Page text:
These characteristics appear in one of the candidates and therefore, the other one gets the job. The company believes that it is more effective to hire this other one, because there is a lower chance that he or she would leave. On the other hand, the actual candidate might not have any intention of leaving the company in 6 months. The decision about him is based on data that have nothing to do with him. The question is similar – is it an act of discrimination or a private law relationship?

The technological methods to deal with the issue

Data scientists are aware of this fact. In their analysis, the authors noted that data mining techniques might lead to the discrimination of certain groups. The advantage of automated processes is that they are not influenced by personal preferences. However, the authors admit that the training data used in these processes, may be biased.

Therefore, they describe several processing techniques, how to prevent the situation, such as pre-processing, in-processing and post-processing. At a certain point, the discriminatory data are removed, either in the original dataset or in the data mining algorithm. However, the implementation of these procedures is not always possible.

The legal regulation

From the legal point of view, there is no explicitly expressed prohibition of the discrimination based on data. The Article 26 of the International Covenant was already cited. The discrimination by data might fall under “other opinion” or “other status”. Similar categories are usually part of the majority of national legislation against discrimination. Accordingly, it should be possible to refer to “other” categories or general prohibition of discrimination.

However, there is no case law supporting this opinion (not available to the author of the post – contact us if you know the case).

Another possibility, how to defend against discrimination by data, is to analyze the process of data collection. Had the discriminated user given a consent to the data collector to use data for the purposes of their analysis in this particular way? In the majority of cases, users give consent to process their data in order to improve the services data collector is providing. Does it include the use of user´s data “against” him in other situations?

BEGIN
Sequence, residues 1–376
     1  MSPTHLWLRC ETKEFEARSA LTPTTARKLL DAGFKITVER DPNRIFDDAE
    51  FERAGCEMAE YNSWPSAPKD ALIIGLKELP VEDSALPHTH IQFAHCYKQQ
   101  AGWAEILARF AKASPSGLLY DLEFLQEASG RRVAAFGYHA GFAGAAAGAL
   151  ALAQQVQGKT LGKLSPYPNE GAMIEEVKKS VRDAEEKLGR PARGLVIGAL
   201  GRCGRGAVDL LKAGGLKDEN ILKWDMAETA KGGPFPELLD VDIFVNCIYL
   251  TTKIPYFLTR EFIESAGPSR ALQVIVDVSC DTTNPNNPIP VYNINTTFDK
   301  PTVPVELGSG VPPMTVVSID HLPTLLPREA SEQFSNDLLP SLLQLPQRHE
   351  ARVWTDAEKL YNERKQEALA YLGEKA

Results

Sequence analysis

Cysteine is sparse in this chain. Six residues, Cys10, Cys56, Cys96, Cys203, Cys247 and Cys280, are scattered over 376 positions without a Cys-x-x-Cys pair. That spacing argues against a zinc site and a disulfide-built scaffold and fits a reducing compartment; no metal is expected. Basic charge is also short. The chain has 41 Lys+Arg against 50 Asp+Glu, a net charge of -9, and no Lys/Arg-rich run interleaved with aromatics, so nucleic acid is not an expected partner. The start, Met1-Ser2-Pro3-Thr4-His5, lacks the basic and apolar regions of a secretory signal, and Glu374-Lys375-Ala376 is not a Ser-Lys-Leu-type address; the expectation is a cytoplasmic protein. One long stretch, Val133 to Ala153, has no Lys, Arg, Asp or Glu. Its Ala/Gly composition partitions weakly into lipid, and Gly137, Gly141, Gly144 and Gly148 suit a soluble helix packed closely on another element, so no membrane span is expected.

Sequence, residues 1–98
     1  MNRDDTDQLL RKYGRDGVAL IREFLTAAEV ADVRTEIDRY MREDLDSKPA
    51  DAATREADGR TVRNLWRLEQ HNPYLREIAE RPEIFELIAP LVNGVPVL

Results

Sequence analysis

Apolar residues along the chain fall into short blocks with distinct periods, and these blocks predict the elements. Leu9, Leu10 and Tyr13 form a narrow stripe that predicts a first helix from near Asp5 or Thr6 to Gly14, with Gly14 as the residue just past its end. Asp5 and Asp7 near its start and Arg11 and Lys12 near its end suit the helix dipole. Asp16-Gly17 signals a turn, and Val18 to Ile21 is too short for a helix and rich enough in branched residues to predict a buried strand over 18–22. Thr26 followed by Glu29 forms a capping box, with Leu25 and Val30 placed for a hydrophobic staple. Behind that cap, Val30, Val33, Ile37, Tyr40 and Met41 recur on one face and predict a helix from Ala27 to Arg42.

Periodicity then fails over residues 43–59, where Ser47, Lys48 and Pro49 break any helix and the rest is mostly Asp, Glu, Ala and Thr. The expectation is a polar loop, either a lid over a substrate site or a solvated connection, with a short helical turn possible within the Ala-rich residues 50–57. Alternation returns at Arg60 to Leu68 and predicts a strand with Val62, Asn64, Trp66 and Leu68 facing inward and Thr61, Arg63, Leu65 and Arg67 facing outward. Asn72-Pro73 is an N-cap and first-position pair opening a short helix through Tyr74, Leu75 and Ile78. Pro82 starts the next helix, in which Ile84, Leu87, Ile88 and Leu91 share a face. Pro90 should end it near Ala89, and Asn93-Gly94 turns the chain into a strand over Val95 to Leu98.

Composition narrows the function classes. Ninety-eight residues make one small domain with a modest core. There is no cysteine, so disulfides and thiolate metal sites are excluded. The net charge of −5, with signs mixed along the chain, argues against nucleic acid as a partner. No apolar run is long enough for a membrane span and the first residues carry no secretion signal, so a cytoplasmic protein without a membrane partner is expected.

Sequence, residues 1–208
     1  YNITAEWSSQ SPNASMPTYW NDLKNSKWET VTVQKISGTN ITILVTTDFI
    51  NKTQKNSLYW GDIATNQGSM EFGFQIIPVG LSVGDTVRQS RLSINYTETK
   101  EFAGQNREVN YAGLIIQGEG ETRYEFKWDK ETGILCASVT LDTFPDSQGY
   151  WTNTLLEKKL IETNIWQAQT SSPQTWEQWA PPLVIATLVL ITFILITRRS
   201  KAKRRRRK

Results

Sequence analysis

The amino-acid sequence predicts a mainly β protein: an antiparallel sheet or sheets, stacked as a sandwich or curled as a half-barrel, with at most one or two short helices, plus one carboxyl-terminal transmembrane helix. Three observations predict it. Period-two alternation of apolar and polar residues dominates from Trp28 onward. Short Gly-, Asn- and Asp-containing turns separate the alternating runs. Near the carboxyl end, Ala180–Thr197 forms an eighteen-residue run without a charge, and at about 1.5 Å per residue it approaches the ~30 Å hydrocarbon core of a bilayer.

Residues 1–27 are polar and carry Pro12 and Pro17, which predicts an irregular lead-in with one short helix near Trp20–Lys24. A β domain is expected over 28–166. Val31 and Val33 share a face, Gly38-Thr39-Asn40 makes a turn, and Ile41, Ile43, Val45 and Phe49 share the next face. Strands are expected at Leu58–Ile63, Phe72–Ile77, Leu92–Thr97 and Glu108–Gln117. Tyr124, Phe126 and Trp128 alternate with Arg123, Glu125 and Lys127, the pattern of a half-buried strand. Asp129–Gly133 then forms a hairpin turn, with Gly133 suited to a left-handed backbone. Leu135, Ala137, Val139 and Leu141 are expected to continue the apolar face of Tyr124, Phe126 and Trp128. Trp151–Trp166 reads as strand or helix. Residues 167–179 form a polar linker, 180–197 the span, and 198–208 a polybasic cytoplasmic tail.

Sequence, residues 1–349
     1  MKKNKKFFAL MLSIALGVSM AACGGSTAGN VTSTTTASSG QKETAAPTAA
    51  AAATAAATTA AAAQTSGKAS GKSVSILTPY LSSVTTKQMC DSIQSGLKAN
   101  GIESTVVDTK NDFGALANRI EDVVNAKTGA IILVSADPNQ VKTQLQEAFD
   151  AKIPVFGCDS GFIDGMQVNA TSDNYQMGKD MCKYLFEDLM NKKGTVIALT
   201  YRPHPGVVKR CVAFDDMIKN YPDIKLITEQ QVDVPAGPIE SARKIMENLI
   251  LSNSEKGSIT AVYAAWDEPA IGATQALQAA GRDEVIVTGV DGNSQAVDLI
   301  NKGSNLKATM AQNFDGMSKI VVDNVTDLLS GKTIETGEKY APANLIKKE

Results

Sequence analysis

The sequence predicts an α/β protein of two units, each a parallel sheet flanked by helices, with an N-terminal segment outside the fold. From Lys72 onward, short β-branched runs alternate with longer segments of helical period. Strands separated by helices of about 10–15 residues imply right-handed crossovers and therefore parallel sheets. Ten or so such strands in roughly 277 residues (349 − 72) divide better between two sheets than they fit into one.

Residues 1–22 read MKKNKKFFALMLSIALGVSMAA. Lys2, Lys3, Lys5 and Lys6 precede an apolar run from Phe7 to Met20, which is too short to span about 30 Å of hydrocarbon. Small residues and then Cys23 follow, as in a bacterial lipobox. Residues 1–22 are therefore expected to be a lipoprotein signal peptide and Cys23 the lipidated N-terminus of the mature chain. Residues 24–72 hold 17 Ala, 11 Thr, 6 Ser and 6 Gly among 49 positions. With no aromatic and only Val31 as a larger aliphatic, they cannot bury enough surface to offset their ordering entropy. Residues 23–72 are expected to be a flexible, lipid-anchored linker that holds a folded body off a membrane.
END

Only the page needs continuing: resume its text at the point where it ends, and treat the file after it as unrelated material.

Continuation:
The purpose of this article was to raise questions in this area. There is a clash between a public aspect of anti-discrimination law and private aspect of doing business effectively. Finding the balance is not an easy task.

However, the lawyers should find the solution, since the importance of an issue would only grow with more and more information being collected. Referring to the above mentioned Forbes article, data are collected not only in online environment, but also in offline environment, with the emergence of wearable computing, such as Google Glass. First case law or new regulations might bring more light into the issue.


Note: This article is intended as a summary of issues. Its purpose is not a to provide legal advice or create an attorney-client relationship between you and the author of this article (see Terms and Conditions)